About

About Me (TLDR Version)

Growing up, I saw things that fascinated, confused, and scared me. This was the catalyst for my lifelong search for answers and meaning. Now, I apply what I’ve learned in my own life and try to help others achieve greater levels of clarity so they can experience more happiness and less pain.

Overview (The Long Version)

Basically, I’m just like you. I’m going through my life experiencing all the pain and pleasure that comes with being human. I’m just trying to figure it all out. I’m a curious person and I love exploring the nature of things. But I’m also a puzzle solver. Only the puzzles I enjoy solving are the basic confounders of life:

  • Why am I here?
  • Does life have meaning or a purpose?
  • Do we die when we die?
  • Why we have to suffer?
  • Why does inequality exist where some people have abundance and others have nothing?
  • Why do people hurt each other?
  • Why do members of various religions and philosophies feel justified in doing bad things in the name of God?

Those are some of the deeper ones, the universal questions. But in the process of exploring those, I also questioned some very basic daily-living type stuff like:

  • Why was I not happy at times when my life seemed to be going well?
  • How can I have less stress and enjoy life more?
  • Why can’t I figure out my dream job or career?
  • Why can some people lose weight on one diet and other’s struggle, even when eating the exact same foods?
  • Why are so many people miserable or unhappy with their lives?
  • Why, despite all of my effort, can’t I make enough money to breathe easy?
  • Why does everything seem so edgy and stressed constantly?
  • How have politics gotten so far off track where they’ve stopped doing what’s right for “We the people” and instead cater to big money?

Asking questions like these and constantly looking for answers, I’ve also learned a lot about myself, about people, and about behavior. I’ve done a lot of research and have conducted my own experiments and personal observations spanning many years and because of this, I eventually began seeing certain patterns, certain behaviors repeated, and started to understand the mechanisms behind them, the cause and effect.

It turns out that if you can stand back and take a broad enough view, the picture begins to look different. When you’re so extremely close to whatever issue or life challenge you’re looking at, you tend to only be able to focus on what’s presented right in front of you. But that’s not the whole story. With a little shift in your awareness or your point of view, things start to look different. And this new perspective give you more to work from.

Growing up, I saw things that fascinated, confused, and scared me. This was the catalyst for my lifelong search for answers and meaning. In my personal quest, I have obsessively explored my psyche, trying to understand who I am and why I think and act as I do. This has helped me reach certain understandings and has helped me see things in ways many people are too distracted to notice.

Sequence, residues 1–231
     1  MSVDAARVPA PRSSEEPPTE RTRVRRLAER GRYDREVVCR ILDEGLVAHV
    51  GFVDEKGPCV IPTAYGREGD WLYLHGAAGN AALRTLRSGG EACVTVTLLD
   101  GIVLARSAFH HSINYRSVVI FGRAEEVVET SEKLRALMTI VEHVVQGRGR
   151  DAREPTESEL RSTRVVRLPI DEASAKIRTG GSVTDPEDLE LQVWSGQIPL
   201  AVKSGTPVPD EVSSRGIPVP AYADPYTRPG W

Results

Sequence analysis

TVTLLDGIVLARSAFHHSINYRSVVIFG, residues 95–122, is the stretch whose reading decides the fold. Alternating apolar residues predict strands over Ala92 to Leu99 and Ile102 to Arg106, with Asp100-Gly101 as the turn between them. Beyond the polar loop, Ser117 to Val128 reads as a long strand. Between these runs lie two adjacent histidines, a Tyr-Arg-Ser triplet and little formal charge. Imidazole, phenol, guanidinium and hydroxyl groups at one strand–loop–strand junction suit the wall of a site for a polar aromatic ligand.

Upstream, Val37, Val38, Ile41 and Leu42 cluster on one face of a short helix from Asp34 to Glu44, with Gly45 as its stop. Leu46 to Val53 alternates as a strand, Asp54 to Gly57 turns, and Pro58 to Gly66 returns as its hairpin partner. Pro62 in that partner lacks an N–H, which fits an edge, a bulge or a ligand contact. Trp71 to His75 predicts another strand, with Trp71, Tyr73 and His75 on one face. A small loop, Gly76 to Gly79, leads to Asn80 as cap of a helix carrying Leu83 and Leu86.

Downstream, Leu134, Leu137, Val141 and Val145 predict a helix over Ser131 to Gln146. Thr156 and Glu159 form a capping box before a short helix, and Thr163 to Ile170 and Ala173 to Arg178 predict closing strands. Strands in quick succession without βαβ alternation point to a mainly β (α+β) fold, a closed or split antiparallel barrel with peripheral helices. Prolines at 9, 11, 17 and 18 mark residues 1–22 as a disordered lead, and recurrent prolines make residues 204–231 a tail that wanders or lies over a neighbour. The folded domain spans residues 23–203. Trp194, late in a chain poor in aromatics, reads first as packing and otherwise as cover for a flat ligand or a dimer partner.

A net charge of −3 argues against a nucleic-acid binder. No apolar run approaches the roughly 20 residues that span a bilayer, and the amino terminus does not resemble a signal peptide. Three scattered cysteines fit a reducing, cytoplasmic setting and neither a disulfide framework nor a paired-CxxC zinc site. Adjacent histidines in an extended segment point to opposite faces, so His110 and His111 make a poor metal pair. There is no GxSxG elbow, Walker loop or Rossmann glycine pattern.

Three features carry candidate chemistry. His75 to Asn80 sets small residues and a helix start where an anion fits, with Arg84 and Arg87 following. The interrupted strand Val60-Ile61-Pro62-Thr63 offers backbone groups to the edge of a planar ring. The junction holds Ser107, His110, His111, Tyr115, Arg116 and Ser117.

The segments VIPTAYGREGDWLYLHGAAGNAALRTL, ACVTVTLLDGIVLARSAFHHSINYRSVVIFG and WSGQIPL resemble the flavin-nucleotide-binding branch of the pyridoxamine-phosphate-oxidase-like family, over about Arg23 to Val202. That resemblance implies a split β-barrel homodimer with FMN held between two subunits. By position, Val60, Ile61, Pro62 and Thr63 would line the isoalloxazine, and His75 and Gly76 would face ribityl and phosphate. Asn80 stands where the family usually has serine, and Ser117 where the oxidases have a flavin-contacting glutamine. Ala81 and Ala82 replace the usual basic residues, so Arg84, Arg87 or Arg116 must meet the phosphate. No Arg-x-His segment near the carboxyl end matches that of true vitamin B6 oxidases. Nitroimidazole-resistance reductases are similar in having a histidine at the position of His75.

Now, I’m focused on putting all the pieces together so that I can create what I see as my dream life while helping others overcome the frustrations and guilt they experience in their daily lives. I’ve learned that I seem to have a pretty good intuitive ability to put things into words that help people understand their challenges better and give them the ability to make progress with it. And that is a deeply rewarding experience for me. So much of my life is geared toward helping people see things with greater clarity. I want to empower people so they can change their own lives. But enough about that for now.

My Hometown – The Big D

I was born in Detroit, Michigan and lived in the suburbs until I was about 31. Then I moved to the Lynchburg, Virginia area where I met my wife, Tammy. Actually, we met online through common interests and became good friends before I moved to Virginia. After moving to Virginia, we dated for about a year, then got married. And I love to brag about our wonderful marriage. We are still deeply in love and always feel like newly-weds. Trust me, I could go on at length about this, but I’ll stop here. 🙂

My Education – Sir Talks-a-Lot

I’m pretty good at communicating ideas. I think it’s in my DNA. Why? Because the only time I ever got in trouble in school was for talking. LOL Yeah, it’s what I do. I was a pretty average (sometimes below average) student through graduation from high school. Eventually, after moving to Virginia, I started dabbling with college. So I was already in my early to mid 30s. I probably took what amounted to a year and a half of college classes before I stopped going. The reason I stopped going was frustration and confusion.

I wasn’t frustrated and confused by my classes. I mean I was, but that wasn’t the issue. I had a 4.0 GPA, but I had to work really hard to maintain that. The problem was I didn’t know what I wanted to have as a career. I read books and blog posts about finding your dream career and every time I thought I found it, I would lose interest and go back to the drawing board. That’s what got frustrating. All the best tips in the world failed to produce a clear idea of what my dream career path should be. It’s really hard to invest so much time in school when you don’t have a clear objective. So I stopped going.